What a difference a few days make. Last week Mitt Romney press secretary Andrea Saul appeared to speak well of the Obamacare-like Massachusetts health care law. Defending her boss against a pro-Obama super PAC’s scurrilous charges of complicity in the death of an uninsured woman, Saul noted that the deceased would have been covered under Romneycare.
The conservative reaction was swift. “OMG. This might just be the moment Mitt Romney lost the election,” Red State’s Erick Erickson tweeted. “Wow.” Rush Limbaugh called the comment a “potential goldmine for Obama supporters.” Ann Coulter — a defender of Romneycare, oddly enough — clamored for Saul to be fired. But Romney himself was invoking his past health care reform successes on the stump in Iowa, suggesting Saul wasn’t entirely freelancing.
By Saturday, all was (almost) forgiven. Romney’s decision to name Paul Ryan, chairman of the House Budget Committee, as his running mate doesn’t by any means guarantee he would govern as a serious entitlement reformer if elected. But it does ensure there will be a serious discussion of the country’s fiscal crisis. Adding Ryan to the Republican ticket means Romney can’t avoid that debate even if he wants to.
The uncharacteristic boldness of the selection — Romney isn’t known for his risk-taking — raises hopes that perhaps the Republican nominee does want to get serious about spending. Romney was elected governor of Massachusetts in response to a budget crisis. In his vice-presidential announcement speech, Ryan paid tribute to Romney’s fiscal stewardship.
“As governor of Massachusetts,” Ryan said of Romney, “he worked with Democrats and Republicans to balance budgets with no tax increases, lower unemployment, increase income and improve people’s lives.” Noticeably absent from this list is Romney’s health care partnership with Ted Kennedy that later inspired elements of the president’s Affordable Care Act.
“It’s not that dissimilar to Obamacare,” Ryan told a TAS/Americans for Tax Reform breakfast last spring when asked about the Romney health care law. “And you probably know that I’m not a big fan of Obamacare.” Ryan disagreed with the individual mandate not just from the perspective of constitutional law but as a matter of policy.
“My uncle’s a cardiologist in Boston and I’ve talked to a lot of health folks up there who — what’s happening now is because costs are getting out of control, premiums are increasing in Massachusetts and now you have a bureaucracy that is having to put all these controls and now rationing on the system,” Ryan said on C-SPAN in 2010. He acknowledged earlier this year that Romneycare contained the “seeds” of Obamacare.
Democrats will use these quotes and others to blur the distinctions between the candidates on health care. But Ryan actually gives Romney the opportunity to move beyond Romneycare. There is perhaps no Republican leader in the country more associated with promoting a freer market in medical care than Ryan. Even the Democrats will eventually prefer to join that argument rather than remain in the Romneycare morass.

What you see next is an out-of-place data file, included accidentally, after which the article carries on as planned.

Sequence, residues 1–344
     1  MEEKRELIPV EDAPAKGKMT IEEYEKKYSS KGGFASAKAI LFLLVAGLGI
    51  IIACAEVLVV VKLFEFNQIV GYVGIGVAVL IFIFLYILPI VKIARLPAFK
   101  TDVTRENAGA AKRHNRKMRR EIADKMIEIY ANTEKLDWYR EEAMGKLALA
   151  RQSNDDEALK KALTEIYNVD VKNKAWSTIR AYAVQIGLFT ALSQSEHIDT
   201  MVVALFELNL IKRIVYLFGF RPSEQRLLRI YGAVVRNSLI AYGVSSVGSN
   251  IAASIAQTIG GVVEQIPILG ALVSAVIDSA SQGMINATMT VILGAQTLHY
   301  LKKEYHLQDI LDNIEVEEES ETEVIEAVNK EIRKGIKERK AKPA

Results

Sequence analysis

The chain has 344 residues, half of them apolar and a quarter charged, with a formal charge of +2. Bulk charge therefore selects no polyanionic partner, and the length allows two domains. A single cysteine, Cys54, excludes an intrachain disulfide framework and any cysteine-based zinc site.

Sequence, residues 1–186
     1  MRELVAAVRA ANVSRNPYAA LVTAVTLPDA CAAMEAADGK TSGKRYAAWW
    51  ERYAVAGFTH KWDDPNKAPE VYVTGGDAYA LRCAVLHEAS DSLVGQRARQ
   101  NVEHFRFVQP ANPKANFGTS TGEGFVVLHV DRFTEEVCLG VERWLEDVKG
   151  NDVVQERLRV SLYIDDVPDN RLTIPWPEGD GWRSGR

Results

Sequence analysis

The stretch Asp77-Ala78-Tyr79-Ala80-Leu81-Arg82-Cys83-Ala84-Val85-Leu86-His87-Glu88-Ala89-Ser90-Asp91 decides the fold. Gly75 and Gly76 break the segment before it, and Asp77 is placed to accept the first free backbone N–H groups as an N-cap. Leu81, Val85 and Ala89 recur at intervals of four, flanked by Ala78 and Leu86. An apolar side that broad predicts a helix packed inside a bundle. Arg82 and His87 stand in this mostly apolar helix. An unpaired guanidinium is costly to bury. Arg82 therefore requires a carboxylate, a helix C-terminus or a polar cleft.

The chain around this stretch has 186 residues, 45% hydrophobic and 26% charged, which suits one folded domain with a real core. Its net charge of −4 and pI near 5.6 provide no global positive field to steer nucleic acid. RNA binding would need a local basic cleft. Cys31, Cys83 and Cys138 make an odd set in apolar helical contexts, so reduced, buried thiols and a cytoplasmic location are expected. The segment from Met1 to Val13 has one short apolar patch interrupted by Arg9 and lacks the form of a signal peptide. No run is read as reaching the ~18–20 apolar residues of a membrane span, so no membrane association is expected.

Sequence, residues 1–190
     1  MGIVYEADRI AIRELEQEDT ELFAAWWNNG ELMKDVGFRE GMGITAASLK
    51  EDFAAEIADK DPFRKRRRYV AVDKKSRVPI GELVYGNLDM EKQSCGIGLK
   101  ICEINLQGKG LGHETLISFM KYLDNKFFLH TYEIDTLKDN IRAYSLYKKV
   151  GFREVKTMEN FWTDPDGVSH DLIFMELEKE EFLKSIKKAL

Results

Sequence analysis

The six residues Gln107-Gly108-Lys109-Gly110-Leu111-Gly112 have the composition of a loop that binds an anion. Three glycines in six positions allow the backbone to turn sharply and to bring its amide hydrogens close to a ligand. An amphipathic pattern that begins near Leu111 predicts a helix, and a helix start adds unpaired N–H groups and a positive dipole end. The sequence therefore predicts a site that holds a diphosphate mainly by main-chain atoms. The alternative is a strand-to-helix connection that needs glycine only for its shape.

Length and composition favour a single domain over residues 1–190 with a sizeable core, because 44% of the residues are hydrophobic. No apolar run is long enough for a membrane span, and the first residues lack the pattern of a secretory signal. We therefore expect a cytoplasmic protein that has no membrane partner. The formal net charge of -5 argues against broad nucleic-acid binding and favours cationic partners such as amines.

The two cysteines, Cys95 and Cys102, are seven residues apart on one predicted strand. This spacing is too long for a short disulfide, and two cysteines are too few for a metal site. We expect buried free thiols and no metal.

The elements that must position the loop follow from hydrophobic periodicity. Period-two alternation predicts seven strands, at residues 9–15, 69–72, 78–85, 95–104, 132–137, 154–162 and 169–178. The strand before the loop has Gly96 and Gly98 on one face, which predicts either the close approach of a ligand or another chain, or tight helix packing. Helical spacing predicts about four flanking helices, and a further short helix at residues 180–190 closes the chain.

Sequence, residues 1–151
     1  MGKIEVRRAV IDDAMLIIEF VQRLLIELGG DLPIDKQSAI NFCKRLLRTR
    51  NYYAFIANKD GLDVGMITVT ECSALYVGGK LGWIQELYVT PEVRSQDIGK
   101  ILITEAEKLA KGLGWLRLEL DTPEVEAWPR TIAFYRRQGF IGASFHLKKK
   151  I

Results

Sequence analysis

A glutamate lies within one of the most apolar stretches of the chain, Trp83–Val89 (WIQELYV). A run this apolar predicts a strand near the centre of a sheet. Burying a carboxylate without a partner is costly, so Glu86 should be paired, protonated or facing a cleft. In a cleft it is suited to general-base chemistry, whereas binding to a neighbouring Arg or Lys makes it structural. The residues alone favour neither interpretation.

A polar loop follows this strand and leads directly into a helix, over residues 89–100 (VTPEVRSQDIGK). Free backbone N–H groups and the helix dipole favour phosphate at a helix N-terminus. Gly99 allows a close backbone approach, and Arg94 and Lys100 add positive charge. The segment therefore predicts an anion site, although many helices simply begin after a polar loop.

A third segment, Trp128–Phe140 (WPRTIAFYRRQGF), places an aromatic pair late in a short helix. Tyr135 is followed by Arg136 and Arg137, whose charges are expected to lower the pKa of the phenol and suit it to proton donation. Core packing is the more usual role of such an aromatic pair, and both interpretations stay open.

Romney has a well-documented tendency to want to have things both ways. That is why Eric Fehrnstrom created such a firestorm when he made his “Etch a Sketch” comments, suggesting that Romney could wipe the slate clean for the general election and in the process delete the conservative positions he took in the primaries. Romney does have the temptation of switching between the “progressive” who could win in Massachusetts and the “severely conservative” politician who clinched the GOP nomination.
For the duration of the campaign, at least, Romney can’t look back. He can alter the details of Ryan’s plans for Medicare. He can cut spending faster or slower. He can try to balance the budget sooner or later. But Romney is going to essentially have to run on the plan’s main principles.
Perhaps Romney has yet to receive the memo. CNN reported that Romney insiders say the presidential nominee will not embrace fully the Ryan plan. But the media could also have it wrong. During the primaries, Romney was more supportive of the Ryan budget than many rivals to his right.
Either way, Romney has committed himself to running as a strong fiscal conservative. The Democratic attack lines are clear: the Romney-Ryan ticket is made up of heartless budget-cutters who will throw old ladies into the streets to succumb to exposure and preexisting conditions. Romney is the evil outsourcing vulture capitalist, Ryan (in the words of the political geniuses at Esquire) “the zombie-eyed granny-starver from Wisconsin.”
The Republican National Convention will focus on proving that Romney is no vulture and Ryan is no zombie, granny-starving or otherwise. But beyond humanizing the ticket, they must turn these negatives into positives. Romney is the candidate with a proven track record of turning around financially troubled institutions and allowing them to grow once more. Ryan is the man with the plan to save Social Security and Medicare. Without Romney-Ryan, the argument must run, we are Greece.
Paul Ryan has already made conservative criticism of Romney disappear as quickly as a Washington budget surplus. Now they must engage swing voters. Even after becoming “severely conservative,” Romney has often behaved like a liberal in the worst sense: a man who won’t take his own side in an argument.
That’s not really an option for a successful campaign. Running with Ryan simply underscores the fact. The Etch a Sketch is broken. It’s time to paint a new picture.
Notice to Readers: The American Spectator and Spectator World are marks used by independent publishing companies that are not affiliated in any way. If you are looking for The Spectator World please click on the following link: https://spectatorworld.com/.